A replacement for the turntable in the form of a sector table (see photos above) would have been in place by the early 1890s which remained until the early years of the 1930s, by which time falling demand (in part due to the popularity of road transport compounded by a severely restricted footprint that hindered the operational potential of this single lined branch) would have seen the expensive-to-maintain ‘table’ fall out of use.
    This would have been the end for Cheapside but for its strategic value in the impending WW2 (especially with its warren of adjacent tunnels that carried an alternative route to the subterranean levels of a shared RAF/USAAF base situated between Liverpool and Manchester about which, in these somewhat unstable times, I shall say no more ;)), the existing trackwork being replaced by a simpler plan involving only three points and the use of a pilot engine by the military.
    This final arrangement remained, even when later the station was pressed into service during the eventual electrification of the WCML as an alternative to Lime Street, until closure soon afterwards. Phew! (pause for breath).

    Now, the dilemma as to which trackplan.

    If I opt for the early 30s version, my preferred version, I would elect to do it in P4.However, as mentioned above, time nor resources nor skill set are presently on my side, therefore, this is probably a non-starter (especially with only one loco and no stock) for now at least, so I shall almost certainly plump for the later, early 60s period in ‘OO’ gauge - now I’ve jinxed it.

    As mentioned, this would mean that I would go for the simple three points plan, which could be assembled over the summer (optimistically) so that I’d have something to play with for now, and which could be squeezed into a length of approximately seven feet (yep, this means short ‘Capital’ destined trains that were assembled into larger trains at Chester, which at least kept up some sort of link between Liverpool and London while essential upgrades were carried out).

    If you’re still with me at this point, Paul, I’ll rough out a sketch of the trackplan for you and post it over the next couple of days or so.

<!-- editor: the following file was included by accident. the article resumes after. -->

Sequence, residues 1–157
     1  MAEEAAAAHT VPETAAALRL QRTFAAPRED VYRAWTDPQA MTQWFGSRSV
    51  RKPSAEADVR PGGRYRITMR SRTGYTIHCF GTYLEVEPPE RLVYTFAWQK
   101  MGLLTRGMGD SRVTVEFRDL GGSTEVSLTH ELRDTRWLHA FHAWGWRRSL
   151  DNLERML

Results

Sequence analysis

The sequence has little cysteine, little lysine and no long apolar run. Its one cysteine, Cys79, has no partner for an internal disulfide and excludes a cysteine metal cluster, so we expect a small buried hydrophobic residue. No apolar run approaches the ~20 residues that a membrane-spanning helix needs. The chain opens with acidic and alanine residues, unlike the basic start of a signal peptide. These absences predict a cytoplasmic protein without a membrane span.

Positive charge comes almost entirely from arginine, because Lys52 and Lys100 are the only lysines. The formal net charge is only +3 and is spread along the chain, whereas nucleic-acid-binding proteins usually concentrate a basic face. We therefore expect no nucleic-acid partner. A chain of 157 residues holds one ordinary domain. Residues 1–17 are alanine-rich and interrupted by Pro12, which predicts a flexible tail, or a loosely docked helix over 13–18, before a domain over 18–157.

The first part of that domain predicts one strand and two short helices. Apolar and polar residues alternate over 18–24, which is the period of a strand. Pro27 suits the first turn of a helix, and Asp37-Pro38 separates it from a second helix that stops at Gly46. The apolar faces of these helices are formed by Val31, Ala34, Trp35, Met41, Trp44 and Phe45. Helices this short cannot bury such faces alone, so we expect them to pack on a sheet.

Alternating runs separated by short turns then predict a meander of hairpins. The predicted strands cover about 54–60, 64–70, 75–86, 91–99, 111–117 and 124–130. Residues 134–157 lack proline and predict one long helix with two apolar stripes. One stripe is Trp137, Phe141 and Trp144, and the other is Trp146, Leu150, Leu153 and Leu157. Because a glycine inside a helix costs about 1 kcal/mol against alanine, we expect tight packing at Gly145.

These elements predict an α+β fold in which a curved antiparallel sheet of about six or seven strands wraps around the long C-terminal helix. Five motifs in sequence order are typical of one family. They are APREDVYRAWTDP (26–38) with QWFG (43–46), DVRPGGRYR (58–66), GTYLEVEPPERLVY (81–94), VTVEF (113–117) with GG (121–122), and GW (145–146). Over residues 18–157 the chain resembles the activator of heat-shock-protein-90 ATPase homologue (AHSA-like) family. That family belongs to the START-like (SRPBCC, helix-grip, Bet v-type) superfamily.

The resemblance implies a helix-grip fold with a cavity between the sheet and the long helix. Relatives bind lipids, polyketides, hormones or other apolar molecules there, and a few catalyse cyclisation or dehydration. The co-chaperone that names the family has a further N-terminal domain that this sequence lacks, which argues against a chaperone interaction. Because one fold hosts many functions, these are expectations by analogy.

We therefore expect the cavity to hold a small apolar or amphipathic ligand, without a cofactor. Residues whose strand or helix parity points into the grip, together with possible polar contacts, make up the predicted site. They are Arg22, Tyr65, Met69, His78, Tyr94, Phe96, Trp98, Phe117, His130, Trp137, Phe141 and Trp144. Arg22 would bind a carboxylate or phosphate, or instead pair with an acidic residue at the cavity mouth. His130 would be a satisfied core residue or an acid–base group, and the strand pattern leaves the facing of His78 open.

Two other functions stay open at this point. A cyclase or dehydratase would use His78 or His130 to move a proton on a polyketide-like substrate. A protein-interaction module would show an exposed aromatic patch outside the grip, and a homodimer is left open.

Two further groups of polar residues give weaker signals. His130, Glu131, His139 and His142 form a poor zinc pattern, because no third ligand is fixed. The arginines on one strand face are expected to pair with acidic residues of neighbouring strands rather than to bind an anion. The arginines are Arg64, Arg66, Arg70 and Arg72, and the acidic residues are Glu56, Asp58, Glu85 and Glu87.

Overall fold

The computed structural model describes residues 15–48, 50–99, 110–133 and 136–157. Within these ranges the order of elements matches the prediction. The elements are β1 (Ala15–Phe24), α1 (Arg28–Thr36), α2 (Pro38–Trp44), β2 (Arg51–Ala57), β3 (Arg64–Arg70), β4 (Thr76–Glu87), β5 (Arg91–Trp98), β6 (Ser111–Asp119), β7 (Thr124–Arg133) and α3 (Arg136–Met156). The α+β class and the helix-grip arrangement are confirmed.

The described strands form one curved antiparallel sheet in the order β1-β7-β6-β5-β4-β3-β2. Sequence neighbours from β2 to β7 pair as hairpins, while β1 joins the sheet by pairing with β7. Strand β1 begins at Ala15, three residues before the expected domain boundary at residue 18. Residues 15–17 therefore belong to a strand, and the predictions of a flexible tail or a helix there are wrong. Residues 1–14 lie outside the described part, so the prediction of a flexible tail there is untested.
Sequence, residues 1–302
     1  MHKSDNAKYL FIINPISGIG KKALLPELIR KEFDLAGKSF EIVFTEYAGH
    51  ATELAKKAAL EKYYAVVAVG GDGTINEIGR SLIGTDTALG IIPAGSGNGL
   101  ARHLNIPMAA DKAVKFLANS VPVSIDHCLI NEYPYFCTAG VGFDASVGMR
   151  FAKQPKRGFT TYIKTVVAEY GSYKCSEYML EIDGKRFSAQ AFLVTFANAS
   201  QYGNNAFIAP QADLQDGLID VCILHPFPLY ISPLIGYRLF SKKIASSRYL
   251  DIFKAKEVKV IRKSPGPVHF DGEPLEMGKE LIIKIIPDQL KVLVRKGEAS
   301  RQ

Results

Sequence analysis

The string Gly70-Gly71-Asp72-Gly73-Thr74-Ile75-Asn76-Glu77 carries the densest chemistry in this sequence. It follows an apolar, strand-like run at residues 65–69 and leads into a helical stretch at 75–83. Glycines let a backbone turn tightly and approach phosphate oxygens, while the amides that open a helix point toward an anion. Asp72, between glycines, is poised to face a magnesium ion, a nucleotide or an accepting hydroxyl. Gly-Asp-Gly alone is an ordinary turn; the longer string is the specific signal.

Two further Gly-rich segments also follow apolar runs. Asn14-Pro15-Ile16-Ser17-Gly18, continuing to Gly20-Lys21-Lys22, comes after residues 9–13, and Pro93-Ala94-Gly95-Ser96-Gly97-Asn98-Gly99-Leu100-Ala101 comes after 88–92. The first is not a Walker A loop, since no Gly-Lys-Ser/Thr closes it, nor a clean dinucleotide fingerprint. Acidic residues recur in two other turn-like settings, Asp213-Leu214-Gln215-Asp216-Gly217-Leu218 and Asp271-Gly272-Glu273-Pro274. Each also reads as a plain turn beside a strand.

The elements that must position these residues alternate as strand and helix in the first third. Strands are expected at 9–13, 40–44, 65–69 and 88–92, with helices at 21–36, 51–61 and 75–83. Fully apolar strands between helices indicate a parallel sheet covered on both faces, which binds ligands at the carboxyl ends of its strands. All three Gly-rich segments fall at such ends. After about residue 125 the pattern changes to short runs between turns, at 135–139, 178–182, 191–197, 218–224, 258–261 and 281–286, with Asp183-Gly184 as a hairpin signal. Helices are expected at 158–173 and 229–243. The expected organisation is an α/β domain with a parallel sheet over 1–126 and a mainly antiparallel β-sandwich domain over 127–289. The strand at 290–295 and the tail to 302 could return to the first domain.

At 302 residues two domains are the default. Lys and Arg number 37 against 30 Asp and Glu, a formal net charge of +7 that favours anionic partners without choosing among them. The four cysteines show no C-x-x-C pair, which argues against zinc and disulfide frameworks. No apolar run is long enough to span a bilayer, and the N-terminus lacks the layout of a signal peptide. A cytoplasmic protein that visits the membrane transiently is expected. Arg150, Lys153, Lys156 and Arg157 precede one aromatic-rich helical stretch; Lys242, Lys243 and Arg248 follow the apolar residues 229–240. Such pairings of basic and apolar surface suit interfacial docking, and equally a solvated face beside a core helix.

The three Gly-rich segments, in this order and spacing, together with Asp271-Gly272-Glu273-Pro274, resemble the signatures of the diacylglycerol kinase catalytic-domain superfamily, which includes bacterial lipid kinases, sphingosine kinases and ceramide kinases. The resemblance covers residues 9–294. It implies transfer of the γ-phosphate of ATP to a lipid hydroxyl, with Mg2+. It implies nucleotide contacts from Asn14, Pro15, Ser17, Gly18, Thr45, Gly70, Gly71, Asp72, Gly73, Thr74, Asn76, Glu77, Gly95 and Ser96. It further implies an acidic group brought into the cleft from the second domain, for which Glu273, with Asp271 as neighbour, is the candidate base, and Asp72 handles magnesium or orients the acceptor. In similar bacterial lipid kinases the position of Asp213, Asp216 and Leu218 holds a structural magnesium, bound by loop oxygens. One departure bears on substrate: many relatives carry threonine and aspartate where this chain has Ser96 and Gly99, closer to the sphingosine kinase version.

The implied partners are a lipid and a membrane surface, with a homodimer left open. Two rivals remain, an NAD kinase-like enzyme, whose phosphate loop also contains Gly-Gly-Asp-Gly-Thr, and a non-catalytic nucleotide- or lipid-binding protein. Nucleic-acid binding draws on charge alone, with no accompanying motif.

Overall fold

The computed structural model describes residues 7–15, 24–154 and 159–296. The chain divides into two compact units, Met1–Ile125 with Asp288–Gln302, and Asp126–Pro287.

I suppose I could have just written this in the first place to save on the waffle, but at least the meanderings and ramblings-on have helped focus my thoughts and led to a realistic conclusion. Thanks for that.

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  10. Threadmark: Spindly offerings.

    jonte Western Thunderer

    Early morning shots:


    These will need weathering before fixing.

    Also shown, the non hi-tech method of fixing down although they will still need some persuasion to sit vertically.

    Being of soft plastic, several were bent on opening the packet. Luckily, most of those affected were straightened by being immersed in a bowl of hot water prior to being bent back to shape between my pinkies.

    Their origin:


  11. PMP

    PMP Western Thunderer

    I think I can envisage the type of terminus you mean, and yes il like to see the plan, with three points and a terminus, you’ll be doing Futers out of a Job! :)
  12. jonte

    jonte Western Thunderer

    Perhaps that’s where he got the idea. :)
  13. jonte

    jonte Western Thunderer

    There’s not a lot to report by way of an update fellow Westerners, although I have tried to push on despite the recent warm spell that makes modelling outside nigh on impossible.

    Weathering can never be rushed, especially when it’s just trial and (mostly) error, but the fascia is taking longer than expected.
    The frame sections haven’t proved too difficult to work on, but the Obechi panels are a pain and seem to make the process a chore. Additionally, I don’t whether masking fluid is a help or hindrance for representing peeling paint. No matter how much care is taken to keep the pooling of the fluid to a minimum, it still comes off in craters.

    Remedial work will require a little more attention to this aspect of the weathering process, especially to the panels, including the creation of islands of paint to reduce the overscale creators. Then it’s on to grimy washes of black and gunmetal with a little dry brushing here and there before I can even think of moving on to the smaller side fascias.